And this is the key: I have separated my work from my worth. I don’t eat and breathe TV and theatre now. I consider it a place I visit Monday to Friday, then leave again to pursue other fulfilling aspects of my life. This industry doesn’t get to have all of me.The final thing I’ve done is start speaking up. There’s a culture of fear that permeates the arts world – a feeling that we shouldn’t speak up when we’re treated badly, we mustn’t bite the hands that feed us. But this industry is skewed with complex power dynamics bearing down hard on artists. We’re expected to suck up poor behaviour from huge organisations or individuals so we don’t blow the long game. I’ve started telling theatres what it’s like to work with them - good and bad, and there is often so much good.

Personally, I prefer to have the conversations in private. And it works both ways: in those meetings I’ve had some feedback that was difficult to hear. But it was invaluable.On Christmas day I woke up on the floor of the toilet in the hospital ward, covered in my shit and vomit. I made a commitment in that moment to prioritise my dignity. Not just as a human being but as an artist. Some of that involves a healthy dose of delusion and self-deception, I admit. (The lies I’ve told myself just to get out of bed some mornings!) But it also involves gently holding up a mirror to the people with power and saying, “this is what you’re like.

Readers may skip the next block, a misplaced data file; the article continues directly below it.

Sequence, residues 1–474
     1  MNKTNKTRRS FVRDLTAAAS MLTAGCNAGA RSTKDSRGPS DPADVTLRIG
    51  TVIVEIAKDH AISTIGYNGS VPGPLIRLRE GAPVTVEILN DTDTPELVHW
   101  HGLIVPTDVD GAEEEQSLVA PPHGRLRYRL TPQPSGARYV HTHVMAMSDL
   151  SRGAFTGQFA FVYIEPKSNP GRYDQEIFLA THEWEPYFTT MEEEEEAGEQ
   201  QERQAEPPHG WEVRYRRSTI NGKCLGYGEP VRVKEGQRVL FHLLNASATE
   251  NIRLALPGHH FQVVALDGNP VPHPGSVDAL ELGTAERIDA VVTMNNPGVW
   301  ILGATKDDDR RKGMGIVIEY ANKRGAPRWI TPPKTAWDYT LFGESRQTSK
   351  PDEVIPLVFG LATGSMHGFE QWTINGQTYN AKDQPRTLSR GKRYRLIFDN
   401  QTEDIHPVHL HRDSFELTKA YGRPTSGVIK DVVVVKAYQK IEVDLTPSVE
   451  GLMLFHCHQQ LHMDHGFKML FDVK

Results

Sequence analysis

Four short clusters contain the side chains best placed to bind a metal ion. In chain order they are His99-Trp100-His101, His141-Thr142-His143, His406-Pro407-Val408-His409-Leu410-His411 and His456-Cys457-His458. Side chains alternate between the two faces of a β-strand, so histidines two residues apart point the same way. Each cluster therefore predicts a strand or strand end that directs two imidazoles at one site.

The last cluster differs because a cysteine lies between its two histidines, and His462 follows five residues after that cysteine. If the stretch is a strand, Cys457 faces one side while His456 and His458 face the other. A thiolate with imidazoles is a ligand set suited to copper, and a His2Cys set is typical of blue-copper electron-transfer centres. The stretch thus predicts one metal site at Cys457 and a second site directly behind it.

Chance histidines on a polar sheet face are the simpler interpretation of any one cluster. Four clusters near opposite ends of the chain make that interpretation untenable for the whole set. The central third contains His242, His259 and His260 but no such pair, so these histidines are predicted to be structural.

”So now I imagine inside of me I have a candle. And no critic, no gatekeeper, no empty auditorium gets to blow that out. I guard it fiercely. And I can mooch around the park and appreciate the green grass or the protean sky. The dog that bounds round my feet, happy in its ignorant joy, that wide-eyed baby living presently in each second of the day: they can teach us a lot. My worth as a human being is not directly linked to my success or failure as an artist. I can be rejected and still be happy. I’ve decided to be confident things will work out. Joy has returned to my life and I’m not letting go of it.

And strangely, I feel my best work is ahead of me.Some rejections are hard to take of course. The other day I had a production fall through on the same day as a broadcaster turned down a pilot. And that evening I got stood up. But life goes on. My priorities have changed: happiness is there for the taking. I bend but I don’t break. I have goals but I’m flexible as to how I get there. And for the time being, I don’t have cancer. So I’ll keep on going.During lockdown the country looked to the arts for relief and entertainment, and yet we’ve lost many talented people because they weren’t given enough support to weather the storm. Artists are brave warriors. They enter the ring every morning, and exit battered and bruised only to march right back in the next day. To the artists reading this, I salute you. For your grace, your dignity and your integrity. How you navigate this industry and stay in the game is no one’s fucking business but yours.